Who loves money? Chinese people believe that in the coming New Year, the house needs to fill with good fortune and wealth in order to be wealthy for the rest of the year. Hence they decorate their house full of auspicious items to welcome good fortune, wealth and prosperity! On the first day of the Chinese New Year, the God of Wealth will visit each household to bless the family with wealth. This is why we never sweep the floor for the first few days of the new year. It is bad luck if we sweep the floor, as we will sweep all the wealth away!
Many Chinese might buy ready-made (fake) gold ingots to decorate their plants, doors, tables, walls etc., but never the toilet. Some of us will make a Chinese ingot lantern using ang pow to decorate our house. Follow me to learn how to make it.
Before I show you the step-by-step, do read the history of the Chinese Ingot or Sycee for better understanding. This Chinese Ingot is also called Yuan Bao in Mandarin.
Remember before we make any ang pow/red envelope lantern, you have to select the right design for the ang pow and thickness. Try not to mix different designs together as it won’t look as nice.
For this craft, you can choose designs with one Chinese Word like 福 (fu) meaning fortune or good luck is represented as a Chinese ideograph. It will work well either in red colour or yellow ang pow. You do not need a design on the back of the ang pow. As for thickness, try to get soft or medium thick for flexibility. I bought this ang pow from Amazon and it was far too thick, hence you can see some corners are torn, which is not ideal.
This Chinese Ingot measures approximately 26.5 cm by 16.5 cm, not including the length of the Chinese knot tassel and string. The rating of difficulty is 2 out of 5, which should take roughly 45 minutes to complete. If you have a large front door, you can also make more than one lantern and join them all in a vertical roll to hang on both sides of the door. It will make a big statement for your house.
You will require these materials:
- 16 rectangle ang pows / red envelope (approx. 7.6 cm by 11.5 cm)
- 1 small red card (approx. 7.6 cm by 1 cm) – I cut from the bottom of an ang pow
- stapler & staples
- 50 – 60 cm red string
- 1 Chinese knot tassel
These are the step-by-step instructions:
- Find the midpoint of the ang pow by folding the ang pow into half vertically but don’t press the fold all the way down. Instead, just press the two corners of the joint down. This is a marker for later use.
- Next, open the ang pow out again. Then fold the ang pow into half horizontally and again only press the two corners of the joint down. Repeat for the rest of the ang pows. These are markers for later use.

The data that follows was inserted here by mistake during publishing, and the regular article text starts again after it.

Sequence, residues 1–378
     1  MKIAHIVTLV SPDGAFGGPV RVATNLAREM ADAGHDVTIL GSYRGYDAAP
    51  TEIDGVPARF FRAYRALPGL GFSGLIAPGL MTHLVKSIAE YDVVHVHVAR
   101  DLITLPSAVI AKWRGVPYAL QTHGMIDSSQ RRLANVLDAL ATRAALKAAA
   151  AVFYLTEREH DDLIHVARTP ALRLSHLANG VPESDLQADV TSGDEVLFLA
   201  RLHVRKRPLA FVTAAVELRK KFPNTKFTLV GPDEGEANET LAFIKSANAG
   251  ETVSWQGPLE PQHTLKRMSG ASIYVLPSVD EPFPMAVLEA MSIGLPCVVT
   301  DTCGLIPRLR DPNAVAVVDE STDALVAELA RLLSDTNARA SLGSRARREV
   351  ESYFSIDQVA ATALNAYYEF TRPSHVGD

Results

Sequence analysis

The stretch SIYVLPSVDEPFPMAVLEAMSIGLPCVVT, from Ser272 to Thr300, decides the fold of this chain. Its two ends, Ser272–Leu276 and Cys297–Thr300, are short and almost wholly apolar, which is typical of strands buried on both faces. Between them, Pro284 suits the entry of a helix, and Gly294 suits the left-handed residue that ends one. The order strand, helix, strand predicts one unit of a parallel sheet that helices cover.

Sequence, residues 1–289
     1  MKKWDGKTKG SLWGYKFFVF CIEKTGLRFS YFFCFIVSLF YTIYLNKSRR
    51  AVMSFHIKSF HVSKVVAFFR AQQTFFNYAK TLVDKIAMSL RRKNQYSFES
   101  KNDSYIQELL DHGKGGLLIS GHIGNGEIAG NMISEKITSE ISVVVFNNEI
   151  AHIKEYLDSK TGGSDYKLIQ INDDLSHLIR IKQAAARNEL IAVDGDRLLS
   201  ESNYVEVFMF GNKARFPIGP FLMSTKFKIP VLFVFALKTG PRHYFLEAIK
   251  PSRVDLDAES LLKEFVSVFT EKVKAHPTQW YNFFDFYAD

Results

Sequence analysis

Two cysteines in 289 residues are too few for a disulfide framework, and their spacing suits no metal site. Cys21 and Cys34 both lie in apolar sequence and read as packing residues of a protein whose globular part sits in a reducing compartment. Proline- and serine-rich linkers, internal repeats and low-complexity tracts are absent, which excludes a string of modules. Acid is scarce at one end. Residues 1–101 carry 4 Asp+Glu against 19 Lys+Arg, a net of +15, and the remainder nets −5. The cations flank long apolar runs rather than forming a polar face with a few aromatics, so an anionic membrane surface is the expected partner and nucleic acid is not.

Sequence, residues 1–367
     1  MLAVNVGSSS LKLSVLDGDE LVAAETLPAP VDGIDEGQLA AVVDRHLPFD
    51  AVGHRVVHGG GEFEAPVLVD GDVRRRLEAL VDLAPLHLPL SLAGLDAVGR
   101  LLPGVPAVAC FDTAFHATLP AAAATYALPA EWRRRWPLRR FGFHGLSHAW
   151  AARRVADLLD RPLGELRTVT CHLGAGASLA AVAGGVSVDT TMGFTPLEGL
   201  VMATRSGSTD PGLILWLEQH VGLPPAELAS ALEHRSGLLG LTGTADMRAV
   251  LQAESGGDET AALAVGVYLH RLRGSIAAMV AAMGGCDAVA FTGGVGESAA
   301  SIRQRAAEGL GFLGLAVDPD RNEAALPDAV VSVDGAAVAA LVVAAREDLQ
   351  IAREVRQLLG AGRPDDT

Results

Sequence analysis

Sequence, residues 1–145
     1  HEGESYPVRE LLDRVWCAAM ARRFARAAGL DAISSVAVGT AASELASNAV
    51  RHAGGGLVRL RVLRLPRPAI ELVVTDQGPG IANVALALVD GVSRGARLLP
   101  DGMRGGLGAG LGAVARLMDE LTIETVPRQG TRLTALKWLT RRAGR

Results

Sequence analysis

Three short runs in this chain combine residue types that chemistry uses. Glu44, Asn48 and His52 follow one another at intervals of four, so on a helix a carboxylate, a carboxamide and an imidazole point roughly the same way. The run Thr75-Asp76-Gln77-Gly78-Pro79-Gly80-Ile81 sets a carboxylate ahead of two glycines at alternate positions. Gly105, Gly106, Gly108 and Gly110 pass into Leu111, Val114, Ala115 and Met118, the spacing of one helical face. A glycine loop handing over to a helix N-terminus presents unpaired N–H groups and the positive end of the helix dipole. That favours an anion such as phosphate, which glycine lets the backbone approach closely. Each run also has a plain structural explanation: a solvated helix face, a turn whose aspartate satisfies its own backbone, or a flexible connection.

- Now to fold each side of the 16 ang pows – from the midpoint that we found on the ang pow make a fold from the top midpoint to the left midpoint, the left midpoint to the bottom midpoint, the bottom midpoint to the right midpoint and from the right midpoint to the top midpoint. The end result should be four diagonal folds (diamond shape). I use a ruler to help me to fold the corners neatly. Make sure that you fold the design on the ang pow inward to the back of the ang pow.
- Now we are going to make the front of the ingot by using eight ang pows. Staple three ang pows (numbers 1, 2 and 3) together along the folds as shown. Try to staple it close to the joint, please see photo. This will form the middle of the ingot.
- Staple one ang pow (numbers 4 and 5) on each side to form an ‘X’ shape.
- Staple one ang pow (numbers 6 and 7) on both sides of the X shape.
- Rotate number 8 ang pow horizontally and staple on number 7.
- Now repeat steps 4 to 7 to create the back of the ingot.
- Join ang pow number 8 to the back of the ingot. Please see photo.
- Now join the back of the ingot to the front of the ingot. It will initially form a cylinder.
- Fold ang pow numbers 3 and 4 to form the base (it will look like a triangle shape). Turn around to the back and do the same. Now you will have a flat base. Staple the base as shown.
- Take a small piece of card and insert the Chinese knot tassel in. place the card in between the base and staple it down.
- Now we are moving to the top of the ingot. Join both corners and staple them together.
- Open the flaps of numbers 1 and 5 on the front of the ingot and join to the back of the ingot. At the same time place the red string into the gap and staple it down.
Now you will have a Chinese ingot lantern to decorate your house with. In Singapore, they will say ‘huat ah’ which means good luck! I hope this lantern will help you to huat ah! Or you can make this Chinese coin instead.
What do you think about this Chinese ingot lantern? My son said it looks like a handbag and my daughter said it looks like a graduation hat. What do you think? Let me know in the comments below.
Disclosure: We have included Amazon affiliate links to the products. If you click on this and buy, we may earn a small commission but at no additional cost to you.